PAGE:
The commission tasked with the videography survey of the Gyanvapi Masjid complex here will on Tuesday seek additional time from a local court to submit its report as it is yet to be prepared, an official said.
The court had earlier asked the commission to submit the report by Tuesday.
Assistant Advocate Commissioner, Ajay Pratap Singh, said, "As per the orders of the court, the videography survey of the Gyanvapi Masjid complex took place from May 14 to May 16 from 8 am to 12 noon, and its report was to be submitted to the court."
"However, we are not submitting the report in the court today (Tuesday) since it is not prepared. We will seek additional time from the court, and whatever time the court gives, we will submit the report then," Singh said.
The mosque is located close to the iconic Kashi Vishwanath temple and the local court is hearing a plea by a group of women seeking permission for daily prayers before the idols on its outer walls.
A local court on Monday had ordered the sealing of a pond in the Gyanvapi Masjid complex after lawyers representing the Hindu petitioners said a Shivling was found there during the court-mandated videography survey.
However, a mosque management committee member disputed the claim, saying the object was part of the water fountain mechanism at the wazookhana reservoir where devotees carry out ablutions before offering namaz.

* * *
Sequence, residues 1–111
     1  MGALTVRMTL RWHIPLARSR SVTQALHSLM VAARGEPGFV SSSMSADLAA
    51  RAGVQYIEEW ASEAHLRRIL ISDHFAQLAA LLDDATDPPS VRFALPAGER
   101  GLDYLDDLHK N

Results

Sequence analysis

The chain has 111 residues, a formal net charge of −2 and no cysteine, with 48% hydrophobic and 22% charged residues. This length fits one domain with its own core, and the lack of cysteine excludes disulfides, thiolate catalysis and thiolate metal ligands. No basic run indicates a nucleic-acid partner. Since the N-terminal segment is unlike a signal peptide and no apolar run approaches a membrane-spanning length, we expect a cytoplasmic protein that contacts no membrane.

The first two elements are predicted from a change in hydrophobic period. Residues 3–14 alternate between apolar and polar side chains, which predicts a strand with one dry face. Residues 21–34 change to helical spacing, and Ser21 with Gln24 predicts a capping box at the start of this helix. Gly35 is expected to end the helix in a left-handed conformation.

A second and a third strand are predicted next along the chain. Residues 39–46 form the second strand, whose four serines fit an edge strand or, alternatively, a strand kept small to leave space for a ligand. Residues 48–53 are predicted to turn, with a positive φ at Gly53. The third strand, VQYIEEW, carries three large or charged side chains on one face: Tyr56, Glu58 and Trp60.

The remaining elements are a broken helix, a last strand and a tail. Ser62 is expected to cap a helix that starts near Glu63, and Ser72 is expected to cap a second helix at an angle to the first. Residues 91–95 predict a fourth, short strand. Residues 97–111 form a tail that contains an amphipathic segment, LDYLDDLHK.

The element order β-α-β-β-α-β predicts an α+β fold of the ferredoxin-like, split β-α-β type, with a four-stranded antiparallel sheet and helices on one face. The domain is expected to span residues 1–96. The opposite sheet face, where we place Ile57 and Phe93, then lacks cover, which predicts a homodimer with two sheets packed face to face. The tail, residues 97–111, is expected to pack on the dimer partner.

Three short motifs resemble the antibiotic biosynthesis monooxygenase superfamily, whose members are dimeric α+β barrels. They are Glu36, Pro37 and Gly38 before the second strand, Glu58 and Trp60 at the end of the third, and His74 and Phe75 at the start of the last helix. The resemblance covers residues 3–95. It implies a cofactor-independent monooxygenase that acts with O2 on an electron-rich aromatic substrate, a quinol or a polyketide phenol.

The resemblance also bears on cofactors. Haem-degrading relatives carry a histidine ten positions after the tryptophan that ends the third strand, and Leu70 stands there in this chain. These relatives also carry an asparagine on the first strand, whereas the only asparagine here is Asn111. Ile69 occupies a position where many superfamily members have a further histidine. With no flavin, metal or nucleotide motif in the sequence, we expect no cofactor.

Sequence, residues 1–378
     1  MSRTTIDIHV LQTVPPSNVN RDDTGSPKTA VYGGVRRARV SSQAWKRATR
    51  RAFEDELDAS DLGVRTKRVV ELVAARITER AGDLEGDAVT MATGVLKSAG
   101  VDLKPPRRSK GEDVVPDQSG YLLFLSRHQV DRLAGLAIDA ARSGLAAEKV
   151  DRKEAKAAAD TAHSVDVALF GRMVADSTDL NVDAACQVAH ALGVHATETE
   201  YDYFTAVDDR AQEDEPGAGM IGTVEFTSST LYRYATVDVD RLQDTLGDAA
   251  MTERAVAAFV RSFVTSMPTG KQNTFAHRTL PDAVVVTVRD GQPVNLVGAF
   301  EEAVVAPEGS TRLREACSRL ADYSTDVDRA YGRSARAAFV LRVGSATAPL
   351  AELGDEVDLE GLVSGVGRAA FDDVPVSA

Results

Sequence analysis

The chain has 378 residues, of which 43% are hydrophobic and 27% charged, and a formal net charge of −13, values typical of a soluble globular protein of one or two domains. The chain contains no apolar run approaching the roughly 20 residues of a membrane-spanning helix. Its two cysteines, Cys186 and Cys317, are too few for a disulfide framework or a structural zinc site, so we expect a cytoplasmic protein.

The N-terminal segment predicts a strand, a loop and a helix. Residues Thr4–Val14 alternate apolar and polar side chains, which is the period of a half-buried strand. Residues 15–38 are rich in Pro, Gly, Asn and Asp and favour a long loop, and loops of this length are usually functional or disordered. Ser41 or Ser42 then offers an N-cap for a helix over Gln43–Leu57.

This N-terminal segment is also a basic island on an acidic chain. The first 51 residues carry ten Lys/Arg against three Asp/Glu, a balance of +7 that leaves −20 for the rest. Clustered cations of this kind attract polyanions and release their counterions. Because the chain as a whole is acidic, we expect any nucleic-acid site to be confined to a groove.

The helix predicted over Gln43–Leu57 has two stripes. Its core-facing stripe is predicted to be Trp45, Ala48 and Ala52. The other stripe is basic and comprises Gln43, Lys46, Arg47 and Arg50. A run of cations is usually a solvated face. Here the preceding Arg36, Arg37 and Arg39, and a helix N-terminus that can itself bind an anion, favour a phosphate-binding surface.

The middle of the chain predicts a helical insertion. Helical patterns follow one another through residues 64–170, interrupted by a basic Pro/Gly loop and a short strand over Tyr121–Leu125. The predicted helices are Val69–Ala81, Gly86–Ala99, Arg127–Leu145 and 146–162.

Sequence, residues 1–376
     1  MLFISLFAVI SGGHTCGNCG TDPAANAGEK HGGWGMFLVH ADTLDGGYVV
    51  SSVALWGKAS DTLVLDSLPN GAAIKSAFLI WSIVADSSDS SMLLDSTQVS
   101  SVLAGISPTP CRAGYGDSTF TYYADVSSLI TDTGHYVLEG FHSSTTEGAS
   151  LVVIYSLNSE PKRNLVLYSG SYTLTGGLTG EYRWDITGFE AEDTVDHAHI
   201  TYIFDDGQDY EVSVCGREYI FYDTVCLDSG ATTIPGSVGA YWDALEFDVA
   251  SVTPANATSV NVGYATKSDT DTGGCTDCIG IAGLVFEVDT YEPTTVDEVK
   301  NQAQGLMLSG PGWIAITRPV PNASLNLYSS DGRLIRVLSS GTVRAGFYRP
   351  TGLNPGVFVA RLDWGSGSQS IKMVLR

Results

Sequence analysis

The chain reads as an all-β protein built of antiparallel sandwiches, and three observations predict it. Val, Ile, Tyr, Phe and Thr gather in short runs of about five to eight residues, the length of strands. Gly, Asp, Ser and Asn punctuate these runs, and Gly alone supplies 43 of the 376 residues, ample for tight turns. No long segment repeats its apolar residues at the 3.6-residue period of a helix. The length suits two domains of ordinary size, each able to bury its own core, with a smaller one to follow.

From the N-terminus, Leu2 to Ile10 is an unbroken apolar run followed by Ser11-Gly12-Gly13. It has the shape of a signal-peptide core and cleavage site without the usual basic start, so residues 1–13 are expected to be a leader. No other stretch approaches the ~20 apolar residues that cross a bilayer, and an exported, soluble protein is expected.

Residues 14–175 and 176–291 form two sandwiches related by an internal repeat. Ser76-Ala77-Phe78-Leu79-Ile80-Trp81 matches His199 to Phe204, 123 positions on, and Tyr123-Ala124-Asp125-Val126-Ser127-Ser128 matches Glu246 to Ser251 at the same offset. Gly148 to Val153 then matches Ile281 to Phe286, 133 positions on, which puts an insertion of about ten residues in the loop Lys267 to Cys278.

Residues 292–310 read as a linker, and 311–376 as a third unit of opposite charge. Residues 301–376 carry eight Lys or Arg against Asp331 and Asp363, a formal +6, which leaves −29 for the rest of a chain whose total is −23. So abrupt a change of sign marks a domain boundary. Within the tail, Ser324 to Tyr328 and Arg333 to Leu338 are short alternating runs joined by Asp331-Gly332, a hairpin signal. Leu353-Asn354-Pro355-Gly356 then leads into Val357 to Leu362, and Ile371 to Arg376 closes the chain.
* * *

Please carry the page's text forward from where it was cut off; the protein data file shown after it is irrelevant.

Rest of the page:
Anjuman Intezamiya Masjid Committee joint secretary Syed Mohammad Yasin had claimed that the mosque management was not heard before Civil Judge (Senior Division) Ravi Kumar Diwakar issued the order.
In his order on Thursday last, District Civil Judge Diwakar had turned down a plea by the mosque committee to replace Ajay Kumar Mishra, who was appointed advocate commissioner by the court to survey the Gyanvapi-Gauri Shringar complex.
The judge also appointed two more advocates to help the court commissioner with the survey and said it should be completed by Tuesday.
The Supreme Court had on Friday last refused to grant an interim order of status quo on the survey. The top court, however, agreed to consider listing the plea of a Muslim party against the survey.
Three court-appointed advocate commissioners, five lawyers each from the two sides and an assistant besides a videography team carried out the survey.